Security

9 new technologies that keep you (and your stuff) safe.

Never Lose Your Keys Again

The silver cylinder of the August Smart Lock with yellow and blue in the background
August Home Smart Lock
The August Smart Lock unshackles your home from the tyranny of physical keys. The 3-inch cylinder fastens to the back of an existing deadbolt, leaving the outside appearance of your door unchanged. Once attached, a Bluetooth signal from your smartphone can flip the mechanism to unlock the door. A guest with a smartphone and an August app can enter once you've granted them access. No more passing out hard-copy keys, which are much harder to revoke—and easier to lose. The Smart Lock lets you pick days and times for guest entry, so the dog walker can get in only during lunch hours, or your weekend Airbnb guests lose access once their stay is over. If your guests don't have smartphones, a Wi-Fi add-on allows you to buzz them in remotely. Plus, you can set the Smart Lock to bolt automatically every time the door shuts. And should anything fail, the old key still works. $229, plus $50 for remote connectivityJonathon Kambouris

The App That Keeps Cops Safe

An NYPD officer using a smart phone in front of the World Trade Center memorial
NYPD DAS Mobile
Relaying 911 information to cops on the beat—by radio—hasn’t changed in decades. But there’s only so much intel dispatchers can convey that way. This year, the New York City Police Department—the largest force in the United States—began sending ancillary data to some cops via smartphone. It’s the first police force in the country to do so. The app is secure, requiring a PIN code and an ID scan to log in. Cops get background intel on prior arrests and outstanding warrants at the dispatched address, or helpful details such as whether burglars typically enter it by the back door. For an officer on the street, such extra information can be lifesaving.Image courtesy NYPD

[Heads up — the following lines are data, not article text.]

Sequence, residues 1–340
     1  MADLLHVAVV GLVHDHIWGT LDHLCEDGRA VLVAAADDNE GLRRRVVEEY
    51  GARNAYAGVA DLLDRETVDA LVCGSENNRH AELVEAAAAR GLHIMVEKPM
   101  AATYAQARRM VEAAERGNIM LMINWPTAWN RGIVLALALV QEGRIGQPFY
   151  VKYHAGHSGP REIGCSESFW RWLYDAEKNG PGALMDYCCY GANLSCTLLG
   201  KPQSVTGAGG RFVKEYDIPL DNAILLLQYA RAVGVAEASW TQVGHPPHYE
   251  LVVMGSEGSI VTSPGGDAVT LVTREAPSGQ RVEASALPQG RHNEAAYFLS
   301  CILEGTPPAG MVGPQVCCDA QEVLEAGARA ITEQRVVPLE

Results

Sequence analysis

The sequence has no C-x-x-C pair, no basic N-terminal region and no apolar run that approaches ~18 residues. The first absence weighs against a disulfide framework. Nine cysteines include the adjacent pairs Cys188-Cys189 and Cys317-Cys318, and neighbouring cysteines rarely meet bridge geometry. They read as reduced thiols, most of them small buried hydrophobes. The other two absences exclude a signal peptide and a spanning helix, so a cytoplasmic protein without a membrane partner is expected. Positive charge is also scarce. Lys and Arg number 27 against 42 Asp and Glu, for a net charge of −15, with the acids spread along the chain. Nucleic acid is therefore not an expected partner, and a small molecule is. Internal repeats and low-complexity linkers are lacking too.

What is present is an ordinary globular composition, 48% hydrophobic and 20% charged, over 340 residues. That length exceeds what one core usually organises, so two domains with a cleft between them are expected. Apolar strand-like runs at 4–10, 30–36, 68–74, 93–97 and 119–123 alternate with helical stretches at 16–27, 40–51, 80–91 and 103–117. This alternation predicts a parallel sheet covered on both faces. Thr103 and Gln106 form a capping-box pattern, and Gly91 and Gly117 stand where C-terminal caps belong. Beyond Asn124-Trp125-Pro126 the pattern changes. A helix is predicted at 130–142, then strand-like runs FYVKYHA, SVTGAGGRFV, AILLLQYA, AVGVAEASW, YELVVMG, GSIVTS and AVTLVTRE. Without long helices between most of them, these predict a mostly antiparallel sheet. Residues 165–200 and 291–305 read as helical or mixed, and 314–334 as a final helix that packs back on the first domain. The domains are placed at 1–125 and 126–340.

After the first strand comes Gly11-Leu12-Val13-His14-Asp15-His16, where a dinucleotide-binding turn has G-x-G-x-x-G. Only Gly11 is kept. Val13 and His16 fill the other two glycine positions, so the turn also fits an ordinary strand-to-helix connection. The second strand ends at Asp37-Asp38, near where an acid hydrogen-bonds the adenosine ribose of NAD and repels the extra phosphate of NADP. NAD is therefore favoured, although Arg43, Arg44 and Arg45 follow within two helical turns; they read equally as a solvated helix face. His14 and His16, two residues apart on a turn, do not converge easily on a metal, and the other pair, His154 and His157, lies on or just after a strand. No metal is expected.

Hack-Proof And Shatter-Proof

Two modern smartphones overlapping on a black background
Turing Phone
With just a single port and waterproofing inside and out, the Turing Phone is designed to be indestructible. For the shell, the company uses an alloy dubbed "liquidmorphium." Because the molecules in liquid­morphium are arranged amorphously, rather than in the rigid structure of metals, the alloy is less prone to bending or breaking. The software is designed to be indestructible too. While no system is truly hack-proof, Turing has made breaching their flavor of Android so computationally expensive that they think hackers won't bother trying. And when users dial other Turing Phones, the calls are fully encrypted end to end—no third-party authentication necessary. $740Image courtesy Turing Robotic Industries

Smallest, Safest Anthrax Detector

A translucent credit-card size lab-on-a-chip with a big red circle in the upper left
BaDx
Anthrax, a bacterial disease of grazing animals, can be a deadly terrorist tool. Now Sandia National Laboratories and security-technology company Aquila are making it simple to detect. They're producing a credit-card-size lab-on-a-chip that's akin to a pregnancy test: Inject a sample and wait a few hours for a line to appear. Because the test is portable, samples won't accumulate in labs—which is a security risk. It will help ranchers around the world detect the disease in their livestock. Aquila, which is producing the tests in partnership with Sandia, began shipping units earlier this year and plans to adapt the technology for other bacteria like E. coli.Image courtesy Aquila